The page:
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How can I learn to program the NXT?

The NXT-G programming system that comes with the NXT is a graphical block-based system that makes writing simple programs for the NXT easy. 

The NXT-G Programming System

Everyone needs some help learning to program, from beginners who have never programmed anything before, to experts in other systems.  To learn how to use NXT-G and how to program more complex actions, here are some suggestions:

Attend a Workshop

We now offer in-person LEGO Robotics workshops at our training facility Smart Fingers Robotics in northern California.

Sign up for one of our workshops, and you will get a great introduction to NXT programming, as well as robot building experience, and participate in a number of fun robotics activities.

Visit Smart Fingers Robotics for more information.

 

   

Get a Book

A good way for many beginners and even experienced programmers to learn NXT-G is to get a book and read through it.  This will give you instructions in a friendly "how-to" format that you can go through at your own pace and refer to when you try things out.

Two good books that include both programming information and building instructions for several fun projects are:

For NXT 1.0, The Unofficial LEGO MINDSTORMS NXT Inventor's Guide by David J. Perdue. 

For NXT 2.0, The LEGO MINDSTORMS NXT 2.0 Discovery Book: A Beginner's Guide to Building and Programming Robots by Laurens Valk.
 

 
NXT 1.0 NXT 2.0
The Unofficial LEGO MINDSTORMS NXT Inventor's Guide The LEGO MINDSTORMS NXT 2.0 Discovery Book: A Beginner's Guide to Building and Programming Robots
   
More NXT Books:

Study the Multi-Bot Programs

For NXT 2.0 users, the Multi-Bot project has over 70 programs organized into categories that are designed to teach different programming concepts, such as motor control and using the different kinds of sensors.  Each category has example programs of increasing complexity. Owners of the CD "LEGO MINDSTORMS NXT 2.0 By Example" have access to all of the programs in ready-to-run form.  Web-only users can view the program descriptions and perhaps use them to guide and inspire their own experiments.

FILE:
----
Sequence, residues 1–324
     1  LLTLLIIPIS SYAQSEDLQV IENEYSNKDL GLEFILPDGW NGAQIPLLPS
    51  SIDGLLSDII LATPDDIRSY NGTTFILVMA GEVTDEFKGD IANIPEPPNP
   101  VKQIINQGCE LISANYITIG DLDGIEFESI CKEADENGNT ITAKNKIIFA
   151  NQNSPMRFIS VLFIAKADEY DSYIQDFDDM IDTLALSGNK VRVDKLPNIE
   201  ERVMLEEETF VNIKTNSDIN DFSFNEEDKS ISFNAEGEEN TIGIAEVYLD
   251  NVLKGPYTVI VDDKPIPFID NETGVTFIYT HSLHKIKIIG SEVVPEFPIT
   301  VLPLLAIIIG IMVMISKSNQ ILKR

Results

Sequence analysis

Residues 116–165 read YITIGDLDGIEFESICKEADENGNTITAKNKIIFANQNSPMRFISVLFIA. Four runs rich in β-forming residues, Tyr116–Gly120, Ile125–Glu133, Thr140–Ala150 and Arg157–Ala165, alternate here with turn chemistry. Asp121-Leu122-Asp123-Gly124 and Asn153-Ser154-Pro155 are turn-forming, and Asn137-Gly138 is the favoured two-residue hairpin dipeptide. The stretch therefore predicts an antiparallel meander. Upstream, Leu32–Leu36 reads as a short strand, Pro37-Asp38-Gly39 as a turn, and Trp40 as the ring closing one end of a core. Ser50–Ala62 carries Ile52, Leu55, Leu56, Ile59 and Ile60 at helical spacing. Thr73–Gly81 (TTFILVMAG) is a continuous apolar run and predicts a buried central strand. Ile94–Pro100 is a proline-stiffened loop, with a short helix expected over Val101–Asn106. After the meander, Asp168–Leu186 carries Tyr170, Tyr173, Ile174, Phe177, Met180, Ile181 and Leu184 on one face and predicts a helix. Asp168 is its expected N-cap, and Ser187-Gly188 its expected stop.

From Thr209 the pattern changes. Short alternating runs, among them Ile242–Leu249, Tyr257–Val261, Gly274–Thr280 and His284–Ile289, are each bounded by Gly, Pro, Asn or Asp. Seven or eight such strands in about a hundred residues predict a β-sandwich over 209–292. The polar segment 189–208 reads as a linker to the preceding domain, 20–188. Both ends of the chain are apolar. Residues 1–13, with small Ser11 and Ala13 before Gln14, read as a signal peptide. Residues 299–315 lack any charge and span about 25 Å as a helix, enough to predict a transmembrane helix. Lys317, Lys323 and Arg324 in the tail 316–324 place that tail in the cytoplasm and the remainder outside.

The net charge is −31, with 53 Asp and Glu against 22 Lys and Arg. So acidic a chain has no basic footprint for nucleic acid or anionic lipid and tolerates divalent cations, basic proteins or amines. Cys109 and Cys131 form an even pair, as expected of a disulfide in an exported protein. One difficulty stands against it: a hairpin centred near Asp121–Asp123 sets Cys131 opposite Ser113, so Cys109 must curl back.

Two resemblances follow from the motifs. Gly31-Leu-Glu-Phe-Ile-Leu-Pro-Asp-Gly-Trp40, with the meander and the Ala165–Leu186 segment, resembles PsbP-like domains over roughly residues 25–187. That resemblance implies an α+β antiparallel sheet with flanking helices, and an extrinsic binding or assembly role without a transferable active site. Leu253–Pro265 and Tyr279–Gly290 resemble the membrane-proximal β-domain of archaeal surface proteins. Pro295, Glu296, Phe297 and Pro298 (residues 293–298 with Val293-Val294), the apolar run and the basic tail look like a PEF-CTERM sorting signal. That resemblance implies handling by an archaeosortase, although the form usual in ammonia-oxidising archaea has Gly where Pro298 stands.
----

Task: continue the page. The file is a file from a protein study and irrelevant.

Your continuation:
Study Example Programs

The programs provided on nxtprograms.com contain comments inside them that help explain how they work.  Starting with the list of Projects by Program Complexity (for NXT 1.X or 2.0), load the programs and study how they work.  Start with the easy programs and work your way up as you learn more.  Building the associated projects will help you see how the program operates in action.

Read Through the Software Help Pages

Picking Contents and Index from the Help menu on the NXT software will lead to the help pages that are included with the software.  You can read about some general topics as well as get detailed help on the various programming blocks.  In addition, with a block selected and the help tab selected in the lower right of the screen, you can follow the help link for that block to learn more about it.

Tutorial on "My Blocks"

After you become familiar with the basic to intermediate features of the NXT-G system, including data hubs and data wires, you can learn about the "My Blocks" feature, which allows you to make your own custom blocks, from this free My Blocks Tutorial.

In addition, owners of the CD "LEGO MINDSTORMS NXT 2.0 By Example" get complete building instructions and ready-to-run programs for two complex projects that use My Blocks in their programs: The Vending Machine, and the Pinball Machine.  Studying these programs will help give you ideas of how to structure a larger program as a series of smaller My Blocks.

Experiment!

Sometimes the best or only way to figure something out is to try it!  The NXT is a great system to experiment with, because it is easy, fast, free, and not dangerous to try things.  If you are wondering what a certain block does or what happens if you use it in a certain way, write a simple test program to use it and see what happens with a suitable test robot.  Make a change to the block's configuration, and try it again to see what difference it makes.  If you don't know enough to guess what try, try to find a use of the block in the programs provided on this site to get an idea of how the block can be used, then try to imitate a similar use.

A general rule when experimenting and learning is to keep everything else as simple as possible.  Make your test program as simple as possible, and try only one new thing at a time.  Get one thing working before adding anything else new, and when experimenting with variations, change only one thing at a time if possible.

 

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2007-2011 by Dave Parker.  All rights reserved. 
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